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Big League Stew

Josh Hamilton and Albert Pujols have traded places on the American League totem pole

Kevin Kaduk
Big League Stew

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(Getty Images)

There are few things that offer more twists, turns and storylines than the lengthy Major League Baseball season and one only need to look at the picture above for a reminder.

After all, it wasn't that long ago that we were writing posts about Josh Hamilton's greatness and future earnings power as he displayed an unbelievable surge of power for the running-away-with-it Texas Rangers. Those paeans came, of course, when we weren't publicly wondering what was wrong with Albert Pujols and his Los Angeles Angels. Was he really going to wilt under the pressure of that big money from the get-go?

Here's a comparison of the two players over the first month and a half of the season:

Opening day-May 14
Josh Hamilton: 33 games, .400/.456/.854, 18 HR, 44 RBI
Albert Pujols:  35 games, .197/.235/.275, 1 HR, 12 RBI

But a little over two months later, the two AL West superstars have switched positions in a manner that'd make for yet another trading-places script for Hollywood. Hamilton has fallen from his perch and is hearing boos from the faithful at Rangers Ballpark. Manager Ron Washington has hinted at deeper problems for Hamilton and the debate over the length and size of his next free-agency deal this winter has returned. People are searching for answers just like when Pujols went through his unexplained slump at the start of the season.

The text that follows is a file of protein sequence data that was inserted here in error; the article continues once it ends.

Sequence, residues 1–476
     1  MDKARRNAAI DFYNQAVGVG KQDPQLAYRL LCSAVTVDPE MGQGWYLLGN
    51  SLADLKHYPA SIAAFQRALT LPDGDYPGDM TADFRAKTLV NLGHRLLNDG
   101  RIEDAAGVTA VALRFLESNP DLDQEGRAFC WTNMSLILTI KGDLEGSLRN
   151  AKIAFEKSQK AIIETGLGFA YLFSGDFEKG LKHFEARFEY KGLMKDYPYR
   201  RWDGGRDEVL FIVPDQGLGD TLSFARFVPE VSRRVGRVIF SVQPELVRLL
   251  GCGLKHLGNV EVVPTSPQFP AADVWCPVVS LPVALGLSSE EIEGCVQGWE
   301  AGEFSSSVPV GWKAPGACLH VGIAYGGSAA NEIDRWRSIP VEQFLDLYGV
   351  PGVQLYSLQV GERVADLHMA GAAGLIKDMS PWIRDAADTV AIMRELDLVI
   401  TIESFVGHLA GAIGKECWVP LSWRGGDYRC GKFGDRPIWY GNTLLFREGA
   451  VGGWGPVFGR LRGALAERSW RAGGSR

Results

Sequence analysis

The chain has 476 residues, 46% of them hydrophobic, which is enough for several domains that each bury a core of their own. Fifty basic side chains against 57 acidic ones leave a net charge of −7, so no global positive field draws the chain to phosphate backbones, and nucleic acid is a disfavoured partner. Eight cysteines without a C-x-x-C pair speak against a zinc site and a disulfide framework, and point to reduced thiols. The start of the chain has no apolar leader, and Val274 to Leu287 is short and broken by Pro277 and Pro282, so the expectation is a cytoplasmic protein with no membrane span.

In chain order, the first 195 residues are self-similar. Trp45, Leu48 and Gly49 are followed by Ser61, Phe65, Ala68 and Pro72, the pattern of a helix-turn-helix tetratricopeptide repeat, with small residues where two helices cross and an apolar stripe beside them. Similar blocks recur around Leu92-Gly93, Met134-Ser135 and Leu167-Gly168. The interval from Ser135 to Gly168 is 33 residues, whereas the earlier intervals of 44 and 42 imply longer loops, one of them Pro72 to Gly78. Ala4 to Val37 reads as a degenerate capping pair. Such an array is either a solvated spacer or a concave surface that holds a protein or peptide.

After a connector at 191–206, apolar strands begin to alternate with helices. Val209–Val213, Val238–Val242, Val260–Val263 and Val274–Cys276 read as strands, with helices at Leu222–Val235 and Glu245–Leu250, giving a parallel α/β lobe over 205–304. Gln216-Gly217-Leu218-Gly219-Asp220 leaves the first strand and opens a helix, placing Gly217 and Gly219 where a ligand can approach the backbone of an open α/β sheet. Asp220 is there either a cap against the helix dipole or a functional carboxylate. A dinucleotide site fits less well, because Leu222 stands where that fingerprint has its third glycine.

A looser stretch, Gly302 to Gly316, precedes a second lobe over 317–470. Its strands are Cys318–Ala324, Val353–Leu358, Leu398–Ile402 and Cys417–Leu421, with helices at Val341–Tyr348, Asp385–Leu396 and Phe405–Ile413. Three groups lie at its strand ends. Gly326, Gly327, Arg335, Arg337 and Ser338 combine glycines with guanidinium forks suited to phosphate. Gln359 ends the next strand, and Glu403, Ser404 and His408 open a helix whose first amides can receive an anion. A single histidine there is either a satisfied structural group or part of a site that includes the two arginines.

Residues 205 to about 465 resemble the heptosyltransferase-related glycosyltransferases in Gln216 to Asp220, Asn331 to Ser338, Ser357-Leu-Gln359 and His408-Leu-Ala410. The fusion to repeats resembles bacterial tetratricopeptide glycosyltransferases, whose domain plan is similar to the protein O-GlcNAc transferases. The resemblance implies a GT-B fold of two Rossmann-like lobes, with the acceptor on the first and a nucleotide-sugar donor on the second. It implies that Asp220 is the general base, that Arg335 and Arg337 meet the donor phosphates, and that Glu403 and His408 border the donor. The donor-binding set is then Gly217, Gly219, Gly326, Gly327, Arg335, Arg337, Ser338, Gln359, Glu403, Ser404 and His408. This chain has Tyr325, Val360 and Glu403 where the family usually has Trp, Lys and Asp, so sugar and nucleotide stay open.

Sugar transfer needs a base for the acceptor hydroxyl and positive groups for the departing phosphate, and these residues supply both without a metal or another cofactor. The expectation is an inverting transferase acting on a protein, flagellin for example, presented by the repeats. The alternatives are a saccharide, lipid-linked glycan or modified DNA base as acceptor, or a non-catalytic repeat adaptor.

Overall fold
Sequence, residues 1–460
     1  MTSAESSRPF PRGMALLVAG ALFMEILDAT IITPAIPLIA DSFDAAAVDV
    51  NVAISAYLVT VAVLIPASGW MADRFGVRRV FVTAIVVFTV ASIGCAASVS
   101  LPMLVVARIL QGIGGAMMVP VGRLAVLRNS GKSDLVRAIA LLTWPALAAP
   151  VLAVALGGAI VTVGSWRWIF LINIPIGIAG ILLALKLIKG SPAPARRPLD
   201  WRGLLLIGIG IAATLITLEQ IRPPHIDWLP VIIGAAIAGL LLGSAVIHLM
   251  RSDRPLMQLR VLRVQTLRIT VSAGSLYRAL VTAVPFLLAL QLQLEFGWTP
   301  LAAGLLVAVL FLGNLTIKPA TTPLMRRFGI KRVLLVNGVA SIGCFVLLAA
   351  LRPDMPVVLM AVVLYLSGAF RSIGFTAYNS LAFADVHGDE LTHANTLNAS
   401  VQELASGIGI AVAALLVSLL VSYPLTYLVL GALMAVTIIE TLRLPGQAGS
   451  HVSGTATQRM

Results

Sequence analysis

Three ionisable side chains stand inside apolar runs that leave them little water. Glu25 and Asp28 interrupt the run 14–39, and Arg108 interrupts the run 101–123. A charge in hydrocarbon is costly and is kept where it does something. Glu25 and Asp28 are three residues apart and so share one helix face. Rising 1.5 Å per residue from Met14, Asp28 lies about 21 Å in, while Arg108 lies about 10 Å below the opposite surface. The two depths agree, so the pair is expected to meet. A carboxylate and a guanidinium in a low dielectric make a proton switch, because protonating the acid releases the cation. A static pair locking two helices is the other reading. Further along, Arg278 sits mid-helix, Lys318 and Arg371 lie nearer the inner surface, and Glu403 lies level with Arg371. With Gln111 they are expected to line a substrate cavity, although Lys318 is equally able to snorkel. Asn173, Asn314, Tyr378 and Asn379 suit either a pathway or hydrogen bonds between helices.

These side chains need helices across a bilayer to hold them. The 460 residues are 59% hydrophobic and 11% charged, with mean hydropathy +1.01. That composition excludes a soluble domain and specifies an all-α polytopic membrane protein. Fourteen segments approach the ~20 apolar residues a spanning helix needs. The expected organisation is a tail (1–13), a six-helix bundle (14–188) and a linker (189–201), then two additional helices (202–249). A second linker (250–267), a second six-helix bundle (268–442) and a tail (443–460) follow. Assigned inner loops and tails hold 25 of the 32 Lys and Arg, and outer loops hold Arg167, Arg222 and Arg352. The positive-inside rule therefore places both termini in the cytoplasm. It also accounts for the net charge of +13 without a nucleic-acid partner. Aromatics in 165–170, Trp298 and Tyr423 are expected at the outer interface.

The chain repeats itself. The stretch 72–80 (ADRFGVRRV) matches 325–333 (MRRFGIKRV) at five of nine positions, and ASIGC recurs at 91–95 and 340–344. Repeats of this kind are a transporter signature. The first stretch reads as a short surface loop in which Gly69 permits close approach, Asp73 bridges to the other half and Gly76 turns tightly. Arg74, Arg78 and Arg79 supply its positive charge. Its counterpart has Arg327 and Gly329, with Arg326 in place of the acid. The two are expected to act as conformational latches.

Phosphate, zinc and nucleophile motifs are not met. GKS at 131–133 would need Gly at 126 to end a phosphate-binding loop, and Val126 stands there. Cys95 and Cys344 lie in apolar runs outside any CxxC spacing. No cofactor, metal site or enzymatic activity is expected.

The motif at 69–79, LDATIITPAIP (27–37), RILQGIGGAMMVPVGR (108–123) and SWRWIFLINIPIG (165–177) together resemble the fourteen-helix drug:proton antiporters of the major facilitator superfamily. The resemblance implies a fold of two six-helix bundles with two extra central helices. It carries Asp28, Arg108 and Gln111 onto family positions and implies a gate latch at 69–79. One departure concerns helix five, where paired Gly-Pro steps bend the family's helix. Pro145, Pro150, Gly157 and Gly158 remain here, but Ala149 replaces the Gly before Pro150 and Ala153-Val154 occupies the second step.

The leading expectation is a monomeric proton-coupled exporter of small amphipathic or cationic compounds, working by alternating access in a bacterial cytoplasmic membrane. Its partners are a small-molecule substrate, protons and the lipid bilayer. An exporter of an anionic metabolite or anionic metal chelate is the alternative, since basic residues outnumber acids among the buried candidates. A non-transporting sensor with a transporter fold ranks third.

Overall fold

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Pujols, meanwhile, has returned to being The Machine and much more deserving of that huge paper the Angels handed him last winter. He hit two homers in Wednesday's 11-10 loss to Texas and, as Aaron Gleeman of Hardball Talk points out, Pujols leads the American League in homers, RBI and OPS since May 15.

Here's a comparison of Hamilton and Pujols since that date:

May 15-August 1
Josh Hamilton: 62 games, .217/.293/.422, 11 HR, 40 RBI
Albert Pujols: 68 games, .332/.407/.653, 21 HR, 59 RBI

Their competing stories can go anywhere from here, of course. Both could finish strong. Both could struggle. Both could assume their early positions or both could stay the same. But the unknown makes a big part of the reason we watch baseball. All the projection systems in the world can't tell us exactly what's going to happen over the coming weeks.

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